Oral Histories

We just finished our Spring 2015 tour.  Our proudest byproduct of the tour — excepting the wonderful connections made with a variety of prison reform organizations and student leaders — were six oral histories we made of formerly incarcerated folks we met along the way.  Here’s the six:

William T. Lawson describes growing up in D.C., his time incarcerated, and his work with the National Homecomers Academy:

Bill Smith describes growing up in the drug culture of Waynesboro, VA, his recovery through a Drug Court program, and his work helping fight the meth epidemic in his community:

Carl Route describes growing up in Albany, GA after integration and the “life sentence on the outside” all felons have to face:

Pastor Kenneth Glasgow of Dothan, Alabama talks about the revolving door of prison, the importance of treatment over incarceration, and his work as the co-founder of The Ordinary People Society:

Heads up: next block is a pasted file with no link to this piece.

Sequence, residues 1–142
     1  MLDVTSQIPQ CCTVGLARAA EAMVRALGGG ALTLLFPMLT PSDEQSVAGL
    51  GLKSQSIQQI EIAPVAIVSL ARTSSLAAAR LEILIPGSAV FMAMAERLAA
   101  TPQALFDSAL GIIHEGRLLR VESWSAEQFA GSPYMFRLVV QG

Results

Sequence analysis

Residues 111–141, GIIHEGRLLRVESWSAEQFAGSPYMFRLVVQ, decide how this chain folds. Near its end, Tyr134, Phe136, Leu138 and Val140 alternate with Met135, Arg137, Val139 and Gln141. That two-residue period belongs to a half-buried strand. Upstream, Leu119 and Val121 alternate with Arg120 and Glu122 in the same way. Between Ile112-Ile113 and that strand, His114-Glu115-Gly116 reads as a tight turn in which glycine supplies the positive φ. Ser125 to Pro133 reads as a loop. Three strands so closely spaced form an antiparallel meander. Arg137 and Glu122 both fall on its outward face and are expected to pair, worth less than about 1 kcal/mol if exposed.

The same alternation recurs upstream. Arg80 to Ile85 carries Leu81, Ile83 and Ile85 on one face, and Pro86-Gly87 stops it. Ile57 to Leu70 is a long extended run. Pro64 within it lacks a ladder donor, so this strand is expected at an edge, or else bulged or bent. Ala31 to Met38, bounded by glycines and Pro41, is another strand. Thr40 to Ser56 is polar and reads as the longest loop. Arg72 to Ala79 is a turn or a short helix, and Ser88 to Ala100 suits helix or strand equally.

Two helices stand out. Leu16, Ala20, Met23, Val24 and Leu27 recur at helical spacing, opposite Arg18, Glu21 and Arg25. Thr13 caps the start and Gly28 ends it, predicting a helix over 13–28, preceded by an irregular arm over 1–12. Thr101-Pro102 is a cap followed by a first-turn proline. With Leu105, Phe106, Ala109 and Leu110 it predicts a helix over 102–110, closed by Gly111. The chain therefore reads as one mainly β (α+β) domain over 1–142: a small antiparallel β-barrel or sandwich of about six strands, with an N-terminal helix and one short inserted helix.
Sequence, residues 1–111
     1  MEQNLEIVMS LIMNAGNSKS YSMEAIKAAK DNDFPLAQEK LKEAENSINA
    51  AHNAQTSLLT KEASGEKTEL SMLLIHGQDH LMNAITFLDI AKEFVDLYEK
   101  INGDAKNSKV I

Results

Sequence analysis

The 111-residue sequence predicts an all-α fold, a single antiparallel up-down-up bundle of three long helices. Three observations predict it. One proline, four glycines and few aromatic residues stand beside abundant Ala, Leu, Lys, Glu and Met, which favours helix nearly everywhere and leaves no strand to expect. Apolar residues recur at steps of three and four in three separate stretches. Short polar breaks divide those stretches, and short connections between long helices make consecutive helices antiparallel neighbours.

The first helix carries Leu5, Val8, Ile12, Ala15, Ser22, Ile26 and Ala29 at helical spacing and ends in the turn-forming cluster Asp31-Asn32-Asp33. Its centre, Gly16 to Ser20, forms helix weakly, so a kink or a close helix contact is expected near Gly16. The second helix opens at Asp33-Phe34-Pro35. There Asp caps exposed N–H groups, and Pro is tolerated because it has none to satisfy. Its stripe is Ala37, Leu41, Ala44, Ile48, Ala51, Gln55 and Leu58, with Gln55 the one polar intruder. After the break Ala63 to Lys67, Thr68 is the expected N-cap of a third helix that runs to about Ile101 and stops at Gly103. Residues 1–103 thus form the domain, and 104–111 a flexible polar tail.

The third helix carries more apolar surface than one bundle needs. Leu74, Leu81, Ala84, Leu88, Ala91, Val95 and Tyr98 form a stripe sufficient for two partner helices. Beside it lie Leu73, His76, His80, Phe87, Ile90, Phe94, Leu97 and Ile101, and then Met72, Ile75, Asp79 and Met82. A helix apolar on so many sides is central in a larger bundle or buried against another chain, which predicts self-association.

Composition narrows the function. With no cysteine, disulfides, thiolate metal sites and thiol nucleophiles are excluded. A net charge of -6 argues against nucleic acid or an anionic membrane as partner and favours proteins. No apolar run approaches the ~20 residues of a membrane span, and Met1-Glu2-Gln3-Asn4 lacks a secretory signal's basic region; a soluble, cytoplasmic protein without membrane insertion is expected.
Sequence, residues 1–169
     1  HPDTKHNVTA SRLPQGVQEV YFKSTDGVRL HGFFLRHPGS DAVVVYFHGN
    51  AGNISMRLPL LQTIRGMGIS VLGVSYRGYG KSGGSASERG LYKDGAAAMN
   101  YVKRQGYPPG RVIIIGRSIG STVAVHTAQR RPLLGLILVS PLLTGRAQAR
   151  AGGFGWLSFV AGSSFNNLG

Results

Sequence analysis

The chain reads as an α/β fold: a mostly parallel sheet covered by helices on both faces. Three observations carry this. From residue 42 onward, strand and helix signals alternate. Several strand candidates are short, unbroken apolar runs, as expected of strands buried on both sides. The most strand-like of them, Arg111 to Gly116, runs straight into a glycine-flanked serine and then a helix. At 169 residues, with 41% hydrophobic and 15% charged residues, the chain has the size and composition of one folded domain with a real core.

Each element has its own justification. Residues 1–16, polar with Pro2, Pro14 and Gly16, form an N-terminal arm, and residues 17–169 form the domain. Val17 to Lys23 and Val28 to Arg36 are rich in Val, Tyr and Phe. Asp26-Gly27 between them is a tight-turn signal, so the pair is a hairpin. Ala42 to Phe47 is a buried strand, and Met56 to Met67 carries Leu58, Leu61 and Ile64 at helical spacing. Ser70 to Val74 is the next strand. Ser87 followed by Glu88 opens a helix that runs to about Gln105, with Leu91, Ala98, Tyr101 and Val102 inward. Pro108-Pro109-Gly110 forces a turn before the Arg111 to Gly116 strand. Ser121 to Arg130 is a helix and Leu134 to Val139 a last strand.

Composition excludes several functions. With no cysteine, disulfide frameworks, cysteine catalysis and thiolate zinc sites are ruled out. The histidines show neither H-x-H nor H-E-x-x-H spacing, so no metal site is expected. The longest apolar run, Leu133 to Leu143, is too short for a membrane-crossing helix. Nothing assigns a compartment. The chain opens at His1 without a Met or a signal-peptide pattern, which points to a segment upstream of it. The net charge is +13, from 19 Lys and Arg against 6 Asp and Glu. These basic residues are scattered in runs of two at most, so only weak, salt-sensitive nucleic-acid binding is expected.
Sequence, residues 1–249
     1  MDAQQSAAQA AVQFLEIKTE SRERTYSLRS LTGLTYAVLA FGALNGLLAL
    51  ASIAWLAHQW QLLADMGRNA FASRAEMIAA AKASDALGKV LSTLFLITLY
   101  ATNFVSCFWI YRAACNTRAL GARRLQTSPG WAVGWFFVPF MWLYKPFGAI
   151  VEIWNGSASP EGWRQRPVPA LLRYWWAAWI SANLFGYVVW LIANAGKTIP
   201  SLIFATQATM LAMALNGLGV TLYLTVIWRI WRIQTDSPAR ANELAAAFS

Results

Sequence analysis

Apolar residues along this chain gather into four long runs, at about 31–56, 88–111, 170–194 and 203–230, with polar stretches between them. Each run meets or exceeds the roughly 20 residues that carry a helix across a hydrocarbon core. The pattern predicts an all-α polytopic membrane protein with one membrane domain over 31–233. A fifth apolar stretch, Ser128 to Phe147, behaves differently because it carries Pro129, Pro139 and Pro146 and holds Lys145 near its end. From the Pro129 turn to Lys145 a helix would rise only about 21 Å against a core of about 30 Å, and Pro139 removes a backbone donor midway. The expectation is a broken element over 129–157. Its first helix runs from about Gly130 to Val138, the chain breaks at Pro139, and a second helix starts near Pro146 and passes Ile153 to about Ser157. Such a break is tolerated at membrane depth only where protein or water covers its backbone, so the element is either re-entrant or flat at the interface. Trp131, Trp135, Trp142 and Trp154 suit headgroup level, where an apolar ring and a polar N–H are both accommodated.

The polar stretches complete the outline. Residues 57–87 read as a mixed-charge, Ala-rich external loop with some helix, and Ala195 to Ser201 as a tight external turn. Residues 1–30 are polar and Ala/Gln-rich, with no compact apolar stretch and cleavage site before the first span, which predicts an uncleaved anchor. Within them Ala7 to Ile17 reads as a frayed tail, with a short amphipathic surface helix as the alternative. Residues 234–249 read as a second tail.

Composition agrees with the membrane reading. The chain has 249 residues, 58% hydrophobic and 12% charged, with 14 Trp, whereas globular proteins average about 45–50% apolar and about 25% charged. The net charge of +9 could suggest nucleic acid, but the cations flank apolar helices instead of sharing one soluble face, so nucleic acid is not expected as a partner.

Deborah Daniels describes growing up in Birmingham, her experiences in Alabama’s Tutwiler Prison for Women, her work with Prison Fellowship Ministries, and her plans to form an Offender Alumni Association:

Patrick Young, who spent a decade in the Louisiana prison system, shares stories from growing up just outside of New Orleans, describes how Hurricane Katrina was experienced inside of prison, and explains how education is the key to rehabilitation:

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